A powerful 7.5-magnitude quake struck near New Caledonia on Wednesday (Dec 5), triggering a tsunami alert and emergency evacuations across a swathe of the South Pacific, but there were no reports of serious damage or injuries.
The undersea quake was only 10km deep, according to the Pacific Tsunami Warning Center (PTWC), and struck about 155km from the Loyalty Islands, off New Caledonia's east coast. And waves up to 300mm were possible in other Pacific areas, including New Zealand.
The quake struck about 104 miles east of Tadine in New Caledonia at a shallow depth of six miles, according to the US Geological Survey.
New Zealand Civil Defence has just issued a statement saying there is NO TSUNAMI THREAT TO NEW ZEALAND.
Tsunami sirens blared across New Caledonia minutes after the quake.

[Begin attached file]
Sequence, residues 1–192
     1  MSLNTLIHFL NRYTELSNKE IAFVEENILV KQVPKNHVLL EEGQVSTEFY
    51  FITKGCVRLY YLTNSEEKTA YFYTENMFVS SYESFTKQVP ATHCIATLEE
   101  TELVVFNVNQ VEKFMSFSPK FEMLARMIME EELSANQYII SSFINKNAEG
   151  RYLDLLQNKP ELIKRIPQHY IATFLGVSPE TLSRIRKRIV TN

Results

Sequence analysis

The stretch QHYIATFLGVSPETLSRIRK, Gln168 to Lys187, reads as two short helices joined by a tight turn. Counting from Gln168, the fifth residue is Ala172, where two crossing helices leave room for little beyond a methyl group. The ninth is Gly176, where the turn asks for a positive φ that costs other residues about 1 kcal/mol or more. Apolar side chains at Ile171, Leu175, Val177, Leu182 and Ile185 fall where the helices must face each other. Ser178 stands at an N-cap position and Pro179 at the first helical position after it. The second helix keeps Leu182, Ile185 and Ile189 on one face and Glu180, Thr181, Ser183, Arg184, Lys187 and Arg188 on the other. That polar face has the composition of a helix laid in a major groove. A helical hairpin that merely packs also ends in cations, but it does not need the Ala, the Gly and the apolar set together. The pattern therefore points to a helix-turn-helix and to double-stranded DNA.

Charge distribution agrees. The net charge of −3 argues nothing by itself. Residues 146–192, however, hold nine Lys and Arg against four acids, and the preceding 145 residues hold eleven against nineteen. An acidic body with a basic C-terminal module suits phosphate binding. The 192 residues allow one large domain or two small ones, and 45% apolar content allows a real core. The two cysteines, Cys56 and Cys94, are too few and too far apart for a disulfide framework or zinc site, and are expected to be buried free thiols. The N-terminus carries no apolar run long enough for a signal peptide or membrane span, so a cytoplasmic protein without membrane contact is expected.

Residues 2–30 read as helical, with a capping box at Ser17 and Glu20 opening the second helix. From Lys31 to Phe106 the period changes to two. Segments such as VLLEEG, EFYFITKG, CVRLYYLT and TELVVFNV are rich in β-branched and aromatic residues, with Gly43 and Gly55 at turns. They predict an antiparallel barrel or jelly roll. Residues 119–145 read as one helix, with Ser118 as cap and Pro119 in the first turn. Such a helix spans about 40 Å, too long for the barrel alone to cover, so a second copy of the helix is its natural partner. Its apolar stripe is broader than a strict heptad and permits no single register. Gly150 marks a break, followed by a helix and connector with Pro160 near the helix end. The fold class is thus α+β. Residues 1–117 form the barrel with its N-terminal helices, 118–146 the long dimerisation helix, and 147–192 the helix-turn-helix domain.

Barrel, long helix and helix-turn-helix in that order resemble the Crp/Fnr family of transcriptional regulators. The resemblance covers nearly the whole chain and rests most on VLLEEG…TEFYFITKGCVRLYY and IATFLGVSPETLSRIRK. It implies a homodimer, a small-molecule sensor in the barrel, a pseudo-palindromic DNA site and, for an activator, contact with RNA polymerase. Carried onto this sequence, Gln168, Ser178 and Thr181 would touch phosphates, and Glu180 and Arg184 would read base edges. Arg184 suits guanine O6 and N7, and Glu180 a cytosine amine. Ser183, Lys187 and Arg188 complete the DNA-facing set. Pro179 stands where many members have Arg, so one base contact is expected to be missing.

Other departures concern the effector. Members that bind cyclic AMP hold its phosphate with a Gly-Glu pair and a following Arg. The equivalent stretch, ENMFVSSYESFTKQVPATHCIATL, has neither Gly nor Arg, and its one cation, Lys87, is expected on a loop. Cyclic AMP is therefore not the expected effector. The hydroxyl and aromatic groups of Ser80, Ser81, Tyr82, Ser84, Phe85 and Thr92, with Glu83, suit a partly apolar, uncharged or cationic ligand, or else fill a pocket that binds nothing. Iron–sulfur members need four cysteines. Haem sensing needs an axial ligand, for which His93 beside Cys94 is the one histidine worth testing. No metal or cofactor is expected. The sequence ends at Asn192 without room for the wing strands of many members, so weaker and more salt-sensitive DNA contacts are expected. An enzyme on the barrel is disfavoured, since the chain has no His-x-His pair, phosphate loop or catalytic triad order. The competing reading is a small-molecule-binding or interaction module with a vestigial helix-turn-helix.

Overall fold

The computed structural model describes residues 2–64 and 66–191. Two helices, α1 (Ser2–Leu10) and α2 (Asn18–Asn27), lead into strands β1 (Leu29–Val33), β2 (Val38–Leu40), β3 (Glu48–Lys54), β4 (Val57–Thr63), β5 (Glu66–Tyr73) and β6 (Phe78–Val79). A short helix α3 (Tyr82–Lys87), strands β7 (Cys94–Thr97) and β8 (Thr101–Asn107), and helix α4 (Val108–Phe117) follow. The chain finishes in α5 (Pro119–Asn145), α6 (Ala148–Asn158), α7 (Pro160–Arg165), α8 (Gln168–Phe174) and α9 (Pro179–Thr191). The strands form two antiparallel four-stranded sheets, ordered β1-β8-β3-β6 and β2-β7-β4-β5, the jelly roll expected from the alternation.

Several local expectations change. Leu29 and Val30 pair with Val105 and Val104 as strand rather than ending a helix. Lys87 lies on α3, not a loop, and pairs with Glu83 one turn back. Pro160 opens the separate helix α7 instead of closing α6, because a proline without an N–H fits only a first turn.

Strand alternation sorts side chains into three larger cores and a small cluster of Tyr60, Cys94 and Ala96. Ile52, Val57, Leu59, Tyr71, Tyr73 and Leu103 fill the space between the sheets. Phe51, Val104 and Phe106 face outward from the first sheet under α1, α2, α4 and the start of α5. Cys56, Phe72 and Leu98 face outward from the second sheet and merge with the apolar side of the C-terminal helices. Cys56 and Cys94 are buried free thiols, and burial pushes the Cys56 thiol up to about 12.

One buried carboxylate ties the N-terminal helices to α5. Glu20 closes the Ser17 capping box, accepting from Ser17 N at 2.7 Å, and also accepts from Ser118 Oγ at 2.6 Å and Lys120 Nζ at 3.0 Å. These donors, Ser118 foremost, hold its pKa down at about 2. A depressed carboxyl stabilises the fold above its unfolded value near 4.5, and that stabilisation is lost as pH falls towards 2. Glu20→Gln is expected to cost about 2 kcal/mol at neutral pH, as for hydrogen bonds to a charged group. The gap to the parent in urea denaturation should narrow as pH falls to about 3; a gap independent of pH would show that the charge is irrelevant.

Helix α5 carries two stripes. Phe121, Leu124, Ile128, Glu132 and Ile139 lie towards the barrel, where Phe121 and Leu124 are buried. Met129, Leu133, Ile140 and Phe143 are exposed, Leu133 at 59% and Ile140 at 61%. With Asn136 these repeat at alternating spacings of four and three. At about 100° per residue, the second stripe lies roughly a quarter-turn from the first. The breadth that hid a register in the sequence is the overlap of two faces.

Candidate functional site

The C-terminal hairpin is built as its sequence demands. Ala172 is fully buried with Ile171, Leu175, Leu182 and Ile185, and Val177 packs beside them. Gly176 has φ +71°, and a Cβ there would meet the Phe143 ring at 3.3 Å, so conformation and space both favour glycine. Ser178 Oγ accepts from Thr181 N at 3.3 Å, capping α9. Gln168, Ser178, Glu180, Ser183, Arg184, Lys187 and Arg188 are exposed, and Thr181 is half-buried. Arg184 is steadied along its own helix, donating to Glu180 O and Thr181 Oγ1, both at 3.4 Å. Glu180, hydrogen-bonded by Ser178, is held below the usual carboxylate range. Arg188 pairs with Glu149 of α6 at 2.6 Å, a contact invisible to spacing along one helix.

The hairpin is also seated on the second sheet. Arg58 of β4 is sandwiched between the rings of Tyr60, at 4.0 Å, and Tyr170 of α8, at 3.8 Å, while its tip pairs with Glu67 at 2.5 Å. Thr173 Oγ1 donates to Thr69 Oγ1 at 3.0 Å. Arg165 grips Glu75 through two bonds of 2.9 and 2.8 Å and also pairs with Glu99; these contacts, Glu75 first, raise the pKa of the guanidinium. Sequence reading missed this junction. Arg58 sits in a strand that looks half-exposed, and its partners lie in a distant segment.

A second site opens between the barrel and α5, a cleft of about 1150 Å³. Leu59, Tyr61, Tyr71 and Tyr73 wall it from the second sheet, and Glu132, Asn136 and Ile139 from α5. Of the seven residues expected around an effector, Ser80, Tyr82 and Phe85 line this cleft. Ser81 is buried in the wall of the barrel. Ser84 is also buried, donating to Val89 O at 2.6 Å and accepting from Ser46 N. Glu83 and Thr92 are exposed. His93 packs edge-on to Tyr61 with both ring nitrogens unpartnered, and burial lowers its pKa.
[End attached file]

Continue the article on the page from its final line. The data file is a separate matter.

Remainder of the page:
The quake struck off the coast of New Caledonia. File pic Martial Dosdane
The New Zealand government's Ministry of Civil Defence and Emergency Management also said there is no tsunami risk to their country. Based on current information, the initial assessment is that the quake is unlikely to have caused a tsunami that will affect New Zealand. The evacuation order from the regional police said western islands didn't need to evacuate but should remain vigilant.
A 72cm-high tsunami has been observed near Lenakel, the largest town on the island of Tanna, Vanuatu, the PTWC reported.
Small waves reportedly hit Aneityum, which is the southernmost island of Vanuatu, but the waves only reached 7 feet beyond normal tides, CBS News reported, citing the media director at the Vanuatu Daily Post.
There were no immediate reports of casualties in the French overseas territory.
Seismologists in Australia said they are monitoring the natural disaster.
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And he added: "The world's people have spoken, their message is clear, time is running out, they want you, the decision-makers, to act now".